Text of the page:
It has been satisfying work to take a blank canvas and create something new, especially using a media far outside my own comfort zone, challenging my own abilities. The benefits of using new technology to educate in place of traditional methods is still debated, but I believe the nimbl apps are great tools to get children interested and actively involved and in their own learning. Pearson Publishing has embraced these changing parameters of publishing, creating some wonderful revision and teaching guides. They have made the most of all the devices and tablets now available to young people, and I am extremely grateful to have had the opportunity to broaden my knowledge of the world of publishing.
Thanks Victoria! Our CPD library for schools is growing, and our History apps are nearly ready for the big wide world - follow us @PearsonPublish or get in touch at firstname.lastname@example.org to find out more!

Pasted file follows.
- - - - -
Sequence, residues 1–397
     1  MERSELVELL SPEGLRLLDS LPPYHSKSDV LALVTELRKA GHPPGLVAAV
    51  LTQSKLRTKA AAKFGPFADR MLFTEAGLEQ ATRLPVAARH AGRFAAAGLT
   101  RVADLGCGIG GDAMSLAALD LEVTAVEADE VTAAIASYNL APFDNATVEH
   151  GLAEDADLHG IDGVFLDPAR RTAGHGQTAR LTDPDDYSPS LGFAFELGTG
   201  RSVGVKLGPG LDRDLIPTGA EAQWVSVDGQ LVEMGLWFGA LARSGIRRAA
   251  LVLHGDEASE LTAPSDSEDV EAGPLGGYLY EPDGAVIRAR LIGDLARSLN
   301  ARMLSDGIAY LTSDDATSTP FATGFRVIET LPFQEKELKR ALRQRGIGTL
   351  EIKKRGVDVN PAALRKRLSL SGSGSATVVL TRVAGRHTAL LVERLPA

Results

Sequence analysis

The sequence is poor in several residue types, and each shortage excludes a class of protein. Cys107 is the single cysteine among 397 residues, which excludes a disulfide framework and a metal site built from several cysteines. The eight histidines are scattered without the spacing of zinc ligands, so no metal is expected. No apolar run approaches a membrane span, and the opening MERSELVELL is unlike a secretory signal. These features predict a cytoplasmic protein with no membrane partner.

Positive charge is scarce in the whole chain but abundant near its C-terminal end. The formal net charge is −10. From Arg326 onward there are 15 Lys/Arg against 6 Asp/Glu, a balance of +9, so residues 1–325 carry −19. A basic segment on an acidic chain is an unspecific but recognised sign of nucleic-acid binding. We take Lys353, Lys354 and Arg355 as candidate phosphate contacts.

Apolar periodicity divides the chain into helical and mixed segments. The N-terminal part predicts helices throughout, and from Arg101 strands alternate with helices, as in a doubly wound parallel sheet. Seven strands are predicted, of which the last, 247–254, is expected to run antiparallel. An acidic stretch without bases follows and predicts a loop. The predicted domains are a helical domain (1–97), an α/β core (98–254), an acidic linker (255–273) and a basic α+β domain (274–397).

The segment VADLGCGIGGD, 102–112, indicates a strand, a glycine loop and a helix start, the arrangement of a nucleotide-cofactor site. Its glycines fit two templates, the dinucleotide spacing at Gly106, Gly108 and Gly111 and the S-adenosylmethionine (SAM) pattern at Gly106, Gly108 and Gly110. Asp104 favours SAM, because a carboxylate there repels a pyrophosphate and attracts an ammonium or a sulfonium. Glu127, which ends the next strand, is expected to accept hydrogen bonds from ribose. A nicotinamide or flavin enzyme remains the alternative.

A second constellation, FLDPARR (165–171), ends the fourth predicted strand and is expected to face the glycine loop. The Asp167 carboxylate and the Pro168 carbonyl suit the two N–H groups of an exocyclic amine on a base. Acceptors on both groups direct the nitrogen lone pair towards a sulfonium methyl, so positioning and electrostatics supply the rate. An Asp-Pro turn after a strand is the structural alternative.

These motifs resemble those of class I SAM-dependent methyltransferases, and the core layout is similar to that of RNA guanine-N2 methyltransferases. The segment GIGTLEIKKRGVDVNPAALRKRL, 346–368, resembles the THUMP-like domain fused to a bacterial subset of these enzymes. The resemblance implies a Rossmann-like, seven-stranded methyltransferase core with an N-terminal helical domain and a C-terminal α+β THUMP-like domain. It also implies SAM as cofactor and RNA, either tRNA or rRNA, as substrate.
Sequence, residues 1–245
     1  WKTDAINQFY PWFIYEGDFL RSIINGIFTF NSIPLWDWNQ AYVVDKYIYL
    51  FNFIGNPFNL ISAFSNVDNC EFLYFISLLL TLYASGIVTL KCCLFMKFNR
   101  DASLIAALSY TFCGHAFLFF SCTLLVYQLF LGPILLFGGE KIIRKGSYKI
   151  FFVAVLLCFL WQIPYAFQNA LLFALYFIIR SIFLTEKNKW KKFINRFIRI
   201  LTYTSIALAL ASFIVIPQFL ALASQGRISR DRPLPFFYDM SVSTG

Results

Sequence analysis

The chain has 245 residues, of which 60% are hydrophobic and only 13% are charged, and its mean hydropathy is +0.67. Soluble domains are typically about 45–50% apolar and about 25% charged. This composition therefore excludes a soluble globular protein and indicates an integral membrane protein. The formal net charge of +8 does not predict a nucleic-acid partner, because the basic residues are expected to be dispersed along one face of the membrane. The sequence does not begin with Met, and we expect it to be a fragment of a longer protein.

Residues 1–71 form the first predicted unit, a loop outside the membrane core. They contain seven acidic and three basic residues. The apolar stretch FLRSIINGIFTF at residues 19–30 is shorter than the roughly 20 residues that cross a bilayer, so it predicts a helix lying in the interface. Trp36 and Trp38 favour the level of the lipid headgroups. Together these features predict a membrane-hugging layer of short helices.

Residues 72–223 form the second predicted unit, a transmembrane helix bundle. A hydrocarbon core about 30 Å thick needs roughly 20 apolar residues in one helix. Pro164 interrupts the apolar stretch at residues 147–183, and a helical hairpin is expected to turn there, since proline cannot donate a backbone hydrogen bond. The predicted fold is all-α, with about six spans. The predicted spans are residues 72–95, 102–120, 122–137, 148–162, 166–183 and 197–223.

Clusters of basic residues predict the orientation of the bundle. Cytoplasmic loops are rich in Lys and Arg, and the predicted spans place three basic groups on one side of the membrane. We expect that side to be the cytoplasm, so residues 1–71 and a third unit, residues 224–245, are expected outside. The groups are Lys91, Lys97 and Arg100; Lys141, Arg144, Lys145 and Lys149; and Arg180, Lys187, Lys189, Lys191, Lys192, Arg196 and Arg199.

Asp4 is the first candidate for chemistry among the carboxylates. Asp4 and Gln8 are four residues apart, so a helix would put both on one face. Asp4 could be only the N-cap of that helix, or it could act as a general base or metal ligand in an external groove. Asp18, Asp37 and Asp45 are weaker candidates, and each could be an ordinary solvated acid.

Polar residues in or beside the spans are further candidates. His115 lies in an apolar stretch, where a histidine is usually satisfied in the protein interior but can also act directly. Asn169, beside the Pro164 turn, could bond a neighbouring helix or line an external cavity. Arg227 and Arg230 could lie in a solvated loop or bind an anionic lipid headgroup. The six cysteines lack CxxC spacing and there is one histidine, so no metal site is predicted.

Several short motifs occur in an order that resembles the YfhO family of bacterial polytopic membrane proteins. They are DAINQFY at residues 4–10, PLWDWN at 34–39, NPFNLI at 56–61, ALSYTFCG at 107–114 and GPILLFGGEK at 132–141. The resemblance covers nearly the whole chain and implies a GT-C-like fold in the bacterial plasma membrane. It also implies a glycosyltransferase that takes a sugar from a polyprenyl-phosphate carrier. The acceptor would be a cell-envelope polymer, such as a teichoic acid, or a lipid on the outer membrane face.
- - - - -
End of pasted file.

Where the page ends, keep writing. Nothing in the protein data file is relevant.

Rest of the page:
This week we hear from Helen, who's been working with us on Science, CPD and more.
'On my first day at Pearson Publishing I was introduced to the nimbl library, which is a collection of apps for interactive educational resources. After playing around with a tablet for a while, I was thrown into software development. This involved programming, which (although initially a little daunting) was surprisingly easy to pick up. Soon I was able to insert content and format the apps. I was also given the task of selecting relevant education news from TES magazine, which made me realise the difficulties many teachers face when trying to find good resources in the ever-changing landscape of education.
Having previously interned at a more traditional publishing company, I found editing content for nimbl to be a very different experience. Not only did I have to think about the quality of the content, but also about how it was going to work with nimbl’s unique format. Fitting the text into a limited space while still maintaining sense was sometimes challenging. However, I think that this need for brevity enforces a clear writing style, which is essential in educational resources.